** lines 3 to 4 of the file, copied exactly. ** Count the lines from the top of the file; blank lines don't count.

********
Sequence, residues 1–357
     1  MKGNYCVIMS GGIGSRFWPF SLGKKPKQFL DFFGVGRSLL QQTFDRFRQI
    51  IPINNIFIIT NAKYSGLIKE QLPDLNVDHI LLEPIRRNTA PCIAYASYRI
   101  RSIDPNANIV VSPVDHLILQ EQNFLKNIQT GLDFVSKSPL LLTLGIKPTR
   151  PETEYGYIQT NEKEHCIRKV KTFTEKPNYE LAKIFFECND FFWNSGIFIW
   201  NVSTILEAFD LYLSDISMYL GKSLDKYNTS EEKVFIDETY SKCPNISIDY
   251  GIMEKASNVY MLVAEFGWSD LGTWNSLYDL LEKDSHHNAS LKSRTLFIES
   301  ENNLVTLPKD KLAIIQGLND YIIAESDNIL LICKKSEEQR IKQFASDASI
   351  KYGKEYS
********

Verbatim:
    51  IPINNIFIIT NAKYSGLIKE QLPDLNVDHI LLEPIRRNTA PCIAYASYRI
   101  RSIDPNANIV VSPVDHLILQ EQNFLKNIQT GLDFVSKSPL LLTLGIKPTR